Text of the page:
At an early age Ellison showed his passion for reading and music. His enthusiasm for reading was greatly encouraged by his mother who continuously brought home magazines and books from the chapel. A law at that time banned the blacks from having access to the library services. A black Episcopal priest however highly disputed this. This led to the opening of the Chapel’s library and therefore, Ralph Ellison could use it. This was a great mind and eye opener for Ellison and added to his passion for reading. Out of his extensive cultural exposure, Ellison and his friends proclaimed themselves as a combination of frontiersmen as well as Renascence; this is as recorded in his book, Shadow, and Act. Individuals who were hell-bent to break the racial barriers via the study of art as well as thought. Ellison picked up the cornet at the age of 8. He later comes to pick up the trumpet in high school and was under the spectacular stewardship of Dr. Ludwig Hebestreit, who happened to be the founder as well as the conductor of the Oklahoma Symphony Orchestra. Ludwig’s lessons contributed profoundly to Ellison’s great understanding of the varied and complex structure of artistic forms. Music at this point was Ellison’s principal means of expression; it is, however, worth noting that he greatly loved reading. In his high school life, he was introduced to some of the famous writers of the Harlem Renaissance. In addition to music, Ellison also showed a lot of interest in sports, theater, photography, as well as other forms of art (Thomas).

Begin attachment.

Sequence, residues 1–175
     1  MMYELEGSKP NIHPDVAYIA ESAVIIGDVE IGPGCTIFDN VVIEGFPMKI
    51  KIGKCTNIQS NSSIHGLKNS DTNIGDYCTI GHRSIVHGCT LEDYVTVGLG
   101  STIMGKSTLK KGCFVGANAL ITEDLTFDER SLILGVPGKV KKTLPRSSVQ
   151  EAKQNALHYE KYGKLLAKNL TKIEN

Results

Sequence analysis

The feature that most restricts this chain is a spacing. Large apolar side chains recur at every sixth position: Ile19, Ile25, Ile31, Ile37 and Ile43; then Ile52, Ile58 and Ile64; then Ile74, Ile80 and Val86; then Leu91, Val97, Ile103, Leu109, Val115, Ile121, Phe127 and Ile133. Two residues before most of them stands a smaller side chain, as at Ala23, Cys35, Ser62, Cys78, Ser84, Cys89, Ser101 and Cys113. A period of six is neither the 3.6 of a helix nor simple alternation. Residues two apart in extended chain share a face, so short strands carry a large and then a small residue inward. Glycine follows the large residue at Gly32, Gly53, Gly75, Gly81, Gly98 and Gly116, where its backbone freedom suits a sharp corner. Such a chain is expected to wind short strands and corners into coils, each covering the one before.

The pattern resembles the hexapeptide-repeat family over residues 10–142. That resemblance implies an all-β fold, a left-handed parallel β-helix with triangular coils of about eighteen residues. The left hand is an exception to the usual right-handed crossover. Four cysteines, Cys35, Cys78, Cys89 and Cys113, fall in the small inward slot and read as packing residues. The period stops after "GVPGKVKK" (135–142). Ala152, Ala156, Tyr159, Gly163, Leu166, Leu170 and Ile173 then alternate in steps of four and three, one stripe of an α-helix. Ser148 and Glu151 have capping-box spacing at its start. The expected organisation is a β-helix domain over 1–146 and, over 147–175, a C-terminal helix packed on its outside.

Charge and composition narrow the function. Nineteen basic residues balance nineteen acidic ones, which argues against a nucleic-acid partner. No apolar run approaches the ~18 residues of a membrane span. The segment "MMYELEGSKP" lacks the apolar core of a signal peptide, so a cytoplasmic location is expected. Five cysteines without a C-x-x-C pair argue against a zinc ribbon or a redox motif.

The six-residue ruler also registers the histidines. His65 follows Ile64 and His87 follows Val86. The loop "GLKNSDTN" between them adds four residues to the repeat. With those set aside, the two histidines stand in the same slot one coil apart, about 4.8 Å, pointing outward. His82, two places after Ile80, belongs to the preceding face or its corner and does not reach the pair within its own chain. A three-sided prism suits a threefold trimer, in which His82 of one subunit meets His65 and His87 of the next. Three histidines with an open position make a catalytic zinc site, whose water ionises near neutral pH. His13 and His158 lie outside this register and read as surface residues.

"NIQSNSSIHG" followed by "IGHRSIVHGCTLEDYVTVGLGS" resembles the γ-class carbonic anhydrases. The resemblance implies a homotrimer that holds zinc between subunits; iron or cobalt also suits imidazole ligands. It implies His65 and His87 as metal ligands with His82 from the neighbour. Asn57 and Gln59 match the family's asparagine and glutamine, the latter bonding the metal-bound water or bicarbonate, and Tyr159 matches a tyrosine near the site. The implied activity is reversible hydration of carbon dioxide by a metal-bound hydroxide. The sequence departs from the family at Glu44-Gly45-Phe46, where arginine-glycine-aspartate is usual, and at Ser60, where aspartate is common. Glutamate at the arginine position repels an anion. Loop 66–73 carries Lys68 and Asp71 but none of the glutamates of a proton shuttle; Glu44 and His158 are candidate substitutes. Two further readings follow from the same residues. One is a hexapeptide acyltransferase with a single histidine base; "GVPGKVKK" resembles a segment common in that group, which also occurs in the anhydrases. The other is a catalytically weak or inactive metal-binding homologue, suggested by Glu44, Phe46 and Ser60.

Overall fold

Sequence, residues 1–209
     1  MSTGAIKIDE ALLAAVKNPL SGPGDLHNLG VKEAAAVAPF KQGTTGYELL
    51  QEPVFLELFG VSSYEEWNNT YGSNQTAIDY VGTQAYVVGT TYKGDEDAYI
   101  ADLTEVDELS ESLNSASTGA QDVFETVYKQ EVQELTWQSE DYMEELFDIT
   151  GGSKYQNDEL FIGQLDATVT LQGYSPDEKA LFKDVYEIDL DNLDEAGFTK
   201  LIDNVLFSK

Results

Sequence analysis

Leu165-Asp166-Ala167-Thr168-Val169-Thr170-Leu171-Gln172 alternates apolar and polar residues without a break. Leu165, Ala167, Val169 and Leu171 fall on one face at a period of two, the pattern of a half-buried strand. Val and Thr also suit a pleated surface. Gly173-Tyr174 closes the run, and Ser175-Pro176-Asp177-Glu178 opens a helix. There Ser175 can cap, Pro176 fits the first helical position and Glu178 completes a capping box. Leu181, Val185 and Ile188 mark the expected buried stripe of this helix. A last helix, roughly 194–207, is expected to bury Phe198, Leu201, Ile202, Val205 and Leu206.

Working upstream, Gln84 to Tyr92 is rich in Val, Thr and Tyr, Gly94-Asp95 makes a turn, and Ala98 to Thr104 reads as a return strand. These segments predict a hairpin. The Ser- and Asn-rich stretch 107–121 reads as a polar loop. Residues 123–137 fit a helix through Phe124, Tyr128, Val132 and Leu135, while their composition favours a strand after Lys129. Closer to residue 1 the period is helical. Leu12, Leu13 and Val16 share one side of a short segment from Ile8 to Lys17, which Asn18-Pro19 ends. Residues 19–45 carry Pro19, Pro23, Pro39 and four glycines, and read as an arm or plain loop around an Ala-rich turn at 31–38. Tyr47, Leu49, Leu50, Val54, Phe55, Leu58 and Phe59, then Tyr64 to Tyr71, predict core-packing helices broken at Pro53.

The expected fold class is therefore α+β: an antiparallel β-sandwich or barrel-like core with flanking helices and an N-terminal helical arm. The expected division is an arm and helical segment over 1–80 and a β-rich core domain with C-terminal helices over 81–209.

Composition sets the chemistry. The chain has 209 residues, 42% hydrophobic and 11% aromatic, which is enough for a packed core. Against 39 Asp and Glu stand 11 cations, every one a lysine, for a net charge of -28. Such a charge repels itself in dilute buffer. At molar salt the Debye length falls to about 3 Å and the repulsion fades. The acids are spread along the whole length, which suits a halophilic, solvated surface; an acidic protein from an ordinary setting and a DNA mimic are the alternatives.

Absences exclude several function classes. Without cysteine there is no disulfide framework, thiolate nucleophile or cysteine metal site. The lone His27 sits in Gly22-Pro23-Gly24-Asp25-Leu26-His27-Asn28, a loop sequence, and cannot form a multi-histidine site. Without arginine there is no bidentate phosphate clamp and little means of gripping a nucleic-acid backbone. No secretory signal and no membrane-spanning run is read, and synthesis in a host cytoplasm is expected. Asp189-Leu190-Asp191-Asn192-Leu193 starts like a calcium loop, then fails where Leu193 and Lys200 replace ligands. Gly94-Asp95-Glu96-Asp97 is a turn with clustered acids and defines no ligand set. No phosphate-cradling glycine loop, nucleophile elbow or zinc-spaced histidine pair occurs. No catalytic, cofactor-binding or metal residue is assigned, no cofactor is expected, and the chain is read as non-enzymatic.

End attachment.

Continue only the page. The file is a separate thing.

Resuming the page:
Ralph Ellison was later accorded a scholarship to study music at the Tuskegee Institute Alabama. He greatly aspired to be a great musician as well as composer. His aspiration was in line with the agreement he had made with his classmates to become renaissance men; he had initially picked music to be his art. At the Tuskegee Institute Alabama, he majored in music. However during the summer of 1936, due to insufficient funds, Ellison decided to go to New York to work for money to cater for his college expenses. He hoped to do this temporarily with a mindset of going back to college. However, he ended up relocating to New York and lived in Harlem. Ralph was greatly influenced by the New York’s vigorous and vibrant culture of the 1930’s and 1940’s. He enjoyed staying in New York. During his first visit to the city, Ellison had wanted to study sculpture from a legend artists, Richmond Barthe. However, his passion and interest in studying sculpture waned with time, and he decided to embark on music. It was during this period he met Richard Wright, a writer, and this marked the start of Ellison’s literary career. Some of his famous works include; Going to the Territory, Invisible Man, Shadow, and Act, Cadillac Flambé, Tell It Like Its Baby, In a Strange Country, Haying Home and Slick Going to Learn, among others (Henry Louis Gates jr).